Published: Sept. 26, 2011
Updated: Mar. 20, 2012
The rotator cuff is made up of four muscles (subscapularis, supraspinatus, infraspinatus, and teres minor) that help move and stabilize the shoulder joint. These muscles and their tendons connect your upper arm bone (humerus) with your shoulder blade (scapula).
When any one these muscles or tendons tears this is considered a rotator cuff tear. Torn rotator cuffs are common rotator cuff injures.
Torn rotator cuffs can occur from sudden jerking movements, falling on an outstretched hand, or lifting something that is too heavy. Tears can also be a result of other shoulder injuries, such as a dislocated shoulder or a fractured (broken) collarbone.
Rotator cuff tears are also wear-and-tear injuries, resulting from repetitive stress on the shoulder's tendons and muscles. Tendons degenerate from use over time, and are more common as we age. Therefore, individuals over 40 years of age are at risk for torn rotator cuffs.
Individuals who also overuse their shoulder muscles, like weightlifters, and those who do repetitive overhead activities, such as painters and carpenters, are also at risk.
Rotator cuff tears are characterized by:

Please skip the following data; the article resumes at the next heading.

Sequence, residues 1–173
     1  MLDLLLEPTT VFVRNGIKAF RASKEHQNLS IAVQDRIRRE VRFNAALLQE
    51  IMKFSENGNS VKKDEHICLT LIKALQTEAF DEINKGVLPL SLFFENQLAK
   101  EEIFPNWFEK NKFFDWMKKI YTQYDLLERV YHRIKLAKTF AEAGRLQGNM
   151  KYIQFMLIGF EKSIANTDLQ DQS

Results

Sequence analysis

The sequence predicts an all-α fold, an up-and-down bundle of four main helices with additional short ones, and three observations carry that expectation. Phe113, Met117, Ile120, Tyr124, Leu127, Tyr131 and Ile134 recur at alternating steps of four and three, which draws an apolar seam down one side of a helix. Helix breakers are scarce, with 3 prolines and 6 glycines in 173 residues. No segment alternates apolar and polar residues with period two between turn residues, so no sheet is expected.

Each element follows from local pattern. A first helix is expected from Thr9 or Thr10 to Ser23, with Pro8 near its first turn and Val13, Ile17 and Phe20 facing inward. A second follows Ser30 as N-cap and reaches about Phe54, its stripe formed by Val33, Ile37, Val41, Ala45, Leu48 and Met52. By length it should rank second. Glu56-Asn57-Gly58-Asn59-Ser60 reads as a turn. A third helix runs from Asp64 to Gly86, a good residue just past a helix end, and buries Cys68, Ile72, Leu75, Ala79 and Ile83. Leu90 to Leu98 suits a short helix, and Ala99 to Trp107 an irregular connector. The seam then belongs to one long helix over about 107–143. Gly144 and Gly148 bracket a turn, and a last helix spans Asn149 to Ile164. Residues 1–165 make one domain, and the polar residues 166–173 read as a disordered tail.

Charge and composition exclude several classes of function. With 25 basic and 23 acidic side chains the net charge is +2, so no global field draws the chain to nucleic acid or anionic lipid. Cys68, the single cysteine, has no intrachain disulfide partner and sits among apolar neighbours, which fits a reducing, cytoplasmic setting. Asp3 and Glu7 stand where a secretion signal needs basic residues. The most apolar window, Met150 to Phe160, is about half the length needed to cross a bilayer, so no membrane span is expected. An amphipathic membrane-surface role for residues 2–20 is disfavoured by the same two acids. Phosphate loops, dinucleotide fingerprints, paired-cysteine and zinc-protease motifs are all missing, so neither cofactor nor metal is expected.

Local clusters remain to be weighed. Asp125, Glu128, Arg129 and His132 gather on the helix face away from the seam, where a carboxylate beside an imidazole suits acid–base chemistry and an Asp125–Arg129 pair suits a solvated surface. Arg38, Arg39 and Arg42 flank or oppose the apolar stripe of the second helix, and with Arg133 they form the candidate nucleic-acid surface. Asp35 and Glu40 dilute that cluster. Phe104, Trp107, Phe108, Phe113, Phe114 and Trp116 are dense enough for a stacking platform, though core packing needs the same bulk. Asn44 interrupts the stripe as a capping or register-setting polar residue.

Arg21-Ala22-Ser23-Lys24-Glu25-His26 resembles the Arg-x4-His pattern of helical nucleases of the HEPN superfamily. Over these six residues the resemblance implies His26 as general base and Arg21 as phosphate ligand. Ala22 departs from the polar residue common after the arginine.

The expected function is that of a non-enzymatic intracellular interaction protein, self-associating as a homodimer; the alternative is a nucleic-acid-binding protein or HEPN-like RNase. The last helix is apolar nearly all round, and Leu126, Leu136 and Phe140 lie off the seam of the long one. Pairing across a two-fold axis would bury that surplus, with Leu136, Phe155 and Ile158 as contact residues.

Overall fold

A physical examination of the shoulder, with focus on its range of motion and assessment of arm strength, will allow your doctor to determin if you have a torn rotator cuff. Your doctor may also use x-ray or magnetic resonance imaging (MRI) to view the rotator cuff muscles and rule out underlying conditions such as arthritis, pinched nerves, or fracture.
If you have a torn rotator cuff, ignore the pain, and keep using your injured shoulder, you may cause further injury to yourself.
Your Duke Orthopaedics specialist will consider many factors including your general health, age, activity level, and the type of tear you have when tailoring your rotator cuff tear treatment.
Typically, nonsurgical treatment options are offered before considering surgical treatment options. Torn rotator cuff treatment options can relieve pain and improve function in the shoulder:
Though less invasive treatments can help improve shoulder function, shoulder strength does not usually improve without rotator cuff tear surgery.
At Duke, we typically offer rotator cuff tear surgery as an arthroscopic surgery where surgeons inspect and reattach torn tendons in the shoulder's rotator cuff.
Duke Orthopaedics offers rotator cuff treatments at locations convenient to Raleigh, Durham, Cary, and Chapel Hill, North Carolina.
Watch an educational video about rotator cuff tears and treatment options, including rotator cuff tear surgery, for this condition.
At Duke Orthopaedics, our doctors often treat torn rotator cuffs with arthroscoptic rotator cuff repair surgery. The following video demonstrates this procedure.